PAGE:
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Rockets decline Avery Bradley’s $5.9 million team option



First reported by Shams Charania of The Athletic, the Houston Rockets are declining Avery Bradley’s team option for the 2021-22 NBA season. On November 23, 2020, the 30-year-old guard signed as a free agent with the Miami Heat. He signed a two-year, $11.6 million deal. On March 25, 2021, the Heat traded Bradley, Kelly Olynyk, and a 2022 first-round pick to the Houston Rockets for two-time NBA All-Star guard Victor Oladipo. The 2022 first-round pick is an option to trade for a potential Heat or Nets pick. Plus, Houston received a trade exception, too.

Moreover, Bradley earned $5,635,000 this previous season; the Rockets declined his 2021-22 team option of $5,916,750 for next season. In other words, both sides have mutually agreed to part ways, so the six-foot-three guard is now an unrestricted free agent. In early February, it was first reported that the Washington native would miss three to four weeks due to a calf strain. Before this injury, he averaged 8.5 points, 1.8 rebounds, and 1.4 assists per game for Miami. Furthermore, he also shot a career-high percentage of 42.1 percent from behind the arc last season.

Though, Bradley disappointed both of his teams last season, leading to the Rockets finishing 17-55 (.236), ranking 15th overall in the Western Conference. Last season was the first time since the 1982-83 season that Houston failed to win at least 20 games. Since the 2011-12 season, it was the first time the Rockets had failed to qualify for the playoffs. In only 27 games played, the 11-year NBA veteran averaged 6.4 points, 2.1 rebounds, and 1.7 assists per game. He shot 37.4 percent from the field as well.

Likewise, the Miami Heat finished 40-32 (.556) last season, regressing from the team’s 44-29 (.603) record and sixth NBA Finals appearance from the 2019-20 season. Fans across social media are already speculating that the 2010 19th overall pick will end up playing for the Los Angeles Lakers next season. If this happens, he would join the team’s newly established big three: LeBron James, Anthony Davis, and Russell Westbrook.

After Bradley signed with the Lakers for the 2019-20 season, he joined the list of players in the league’s history who played for both the Celtics and Lakers. The list includes Brian Shaw, Clyde Lovellette, Mel Counts, Rick Fox, Don Nelson, Bob McAdoo, Isaiah Thomas, Charlie Scott, Gary Payton, Shaquille O’Neal, and Rajon Rondo. According to Bleacher Report, the Lakers are also interested in signing Carmelo Anthony this offseason.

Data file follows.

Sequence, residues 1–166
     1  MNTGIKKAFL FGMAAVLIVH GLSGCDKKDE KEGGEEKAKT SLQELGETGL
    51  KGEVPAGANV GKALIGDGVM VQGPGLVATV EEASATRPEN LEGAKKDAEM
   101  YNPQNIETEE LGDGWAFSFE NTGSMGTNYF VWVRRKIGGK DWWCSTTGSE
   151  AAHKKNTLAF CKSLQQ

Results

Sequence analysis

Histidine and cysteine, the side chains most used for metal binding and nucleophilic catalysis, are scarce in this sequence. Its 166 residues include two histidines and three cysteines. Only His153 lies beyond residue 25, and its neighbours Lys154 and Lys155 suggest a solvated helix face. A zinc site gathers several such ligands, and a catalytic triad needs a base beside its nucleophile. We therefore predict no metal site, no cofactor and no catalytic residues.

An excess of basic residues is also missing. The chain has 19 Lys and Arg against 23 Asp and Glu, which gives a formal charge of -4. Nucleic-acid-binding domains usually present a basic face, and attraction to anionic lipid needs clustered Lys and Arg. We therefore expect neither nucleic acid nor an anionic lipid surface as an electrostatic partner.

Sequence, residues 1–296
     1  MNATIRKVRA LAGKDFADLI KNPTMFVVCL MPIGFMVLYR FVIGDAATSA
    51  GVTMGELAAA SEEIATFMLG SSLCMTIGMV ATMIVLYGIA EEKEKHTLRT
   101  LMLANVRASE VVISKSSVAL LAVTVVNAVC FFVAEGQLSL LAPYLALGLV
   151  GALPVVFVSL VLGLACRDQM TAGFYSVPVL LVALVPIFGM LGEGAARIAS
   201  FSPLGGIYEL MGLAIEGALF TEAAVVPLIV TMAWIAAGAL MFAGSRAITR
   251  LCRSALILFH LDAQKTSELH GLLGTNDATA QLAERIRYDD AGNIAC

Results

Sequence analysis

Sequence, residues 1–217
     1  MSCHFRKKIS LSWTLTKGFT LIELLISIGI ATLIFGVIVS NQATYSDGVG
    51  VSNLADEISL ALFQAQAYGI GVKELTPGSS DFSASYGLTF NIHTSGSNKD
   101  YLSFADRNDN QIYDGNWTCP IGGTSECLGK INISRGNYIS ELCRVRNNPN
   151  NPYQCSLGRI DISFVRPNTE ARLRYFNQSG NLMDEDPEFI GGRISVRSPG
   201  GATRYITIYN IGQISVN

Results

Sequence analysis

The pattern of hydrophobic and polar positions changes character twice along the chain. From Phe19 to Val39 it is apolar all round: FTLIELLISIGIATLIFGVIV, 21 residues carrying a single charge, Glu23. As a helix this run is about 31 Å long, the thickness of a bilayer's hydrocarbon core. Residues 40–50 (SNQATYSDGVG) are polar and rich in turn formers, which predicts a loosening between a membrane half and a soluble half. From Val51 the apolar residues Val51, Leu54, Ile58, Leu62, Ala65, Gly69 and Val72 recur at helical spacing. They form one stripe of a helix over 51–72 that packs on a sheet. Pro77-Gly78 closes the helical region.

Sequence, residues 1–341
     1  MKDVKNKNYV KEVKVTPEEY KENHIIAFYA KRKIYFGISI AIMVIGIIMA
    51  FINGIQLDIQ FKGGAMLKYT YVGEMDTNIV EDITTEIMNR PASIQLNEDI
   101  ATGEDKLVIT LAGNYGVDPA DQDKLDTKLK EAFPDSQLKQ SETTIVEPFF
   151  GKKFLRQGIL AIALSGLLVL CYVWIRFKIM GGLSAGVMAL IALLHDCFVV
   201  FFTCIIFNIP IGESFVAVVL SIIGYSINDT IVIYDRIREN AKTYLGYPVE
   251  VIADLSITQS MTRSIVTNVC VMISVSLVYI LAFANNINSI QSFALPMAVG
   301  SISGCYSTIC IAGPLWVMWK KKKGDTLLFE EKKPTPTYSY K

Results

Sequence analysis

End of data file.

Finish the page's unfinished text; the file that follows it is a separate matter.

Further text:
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Mavericks are expected to pick up Willie Cauley-Stein’s $4.1 million option



Per ESPN’s Tim MacMahon, the Dallas Mavericks are planning to pick up center Willie Cauley-Stein’s $4.1 million option for the 2021-22 NBA season. The deadline is tomorrow. Last season, in 53 games played, the seven-foot big man averaged 5.3 points and 4.5 rebounds per game. The sixth-year player also shot 63.2 percent from the field last season.

On July 8, 2019, Cauley-Stein signed a two-year, $4.46 million contract with the Golden State Warriors. Then, on January 25, 2020, Cauley-Stein was traded to the Mavericks for a 2020 second-round pick. If everything goes smoothly, the 27-year-old center is set to earn $4.1 million next season. The 2015 sixth overall pick’s contract consumes less than three percent of the team’s total salary cap.

This news comes right after Dallas received center Moses Brown from the Boston Celtics. Brown is a seven-foot-two, 2019 undrafted player out of UCLA. In 2021, Brown was named to the All-NBA G League First Team and All-Defensive Team. On March 28, 2021, the 21-year-old center signed a four-year, $6.8 million contract with the Thunder.

However, on June 18, 2021, the Oklahoma City Thunder traded Brown, Al Horford, and a 2023 second-round pick to the Celtics for Kemba Walker, a 2021 first-round pick, and a 2025 second-round pick. With Boston, Brown was set to earn $1,701,593 next season. Of course, the Mavs’ organization is finalizing a trade to send Josh Richardson to the Celtics as well. In other news, today is Mavs’ owner Mark Cuban’s 63rd birthday.

Referencing Spotrac’s 2021-22 luxury tax totals, the Mavs’ current luxury tax space is $52,326,531. The 2021 NBA salary cap maximum is $112,414,000. Their current cap space is $27,595,632. Cauley-Stein’s contract is recognized as a club option, not a player option or guaranteed money. Richardson’s deadline is also tomorrow, so because he is getting traded to Boston, the team will not collect his $11,615,328 player option.

Plus, Jalen Brunson’s deadline is also August 1st. His guaranteed value is $1,802,057. Leading into the 2021-22 season, Kristaps Porzingis has the highest cap figure on the team, which is an amount worth $31,650,600, consuming 22.73 percent of the team’s total salary cap. At the moment, Porzingis is a popular name in trade rumor articles. Bettors and NBA analysts are predicting a possible trade to the Brooklyn Nets, Sacramento Kings, or Philadelphia 76ers.

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Lakers Need More Than Big Three

The Lakers have their “big three” after trading for Russell Westbrook but is he the right fit in Los Angeles? The former MVP has had an incredible career but he may not be the point guard the Lakers desperately need.



The Los Angeles Lakers have formed their three-headed monster as they pursue the franchise’s 18th championship next season. Just as the NBA Draft was getting started, the Lakers completed a deal with the Washington Wizards that landed them the 2016-17 league MVP, Russell Westbrook.

The deal sent Kentavious Caldwell-Pope, Kyle Kuzma, Montrezl Harrell and the 21st overall pick in this year’s draft to Washington, paving the way for Westbrook to join fellow superstars LeBron James and Anthony Davis. While the Lakers added a dynamic point guard, not everyone is sold on the idea that the Lakers are the team to beat in the loaded Western Conference.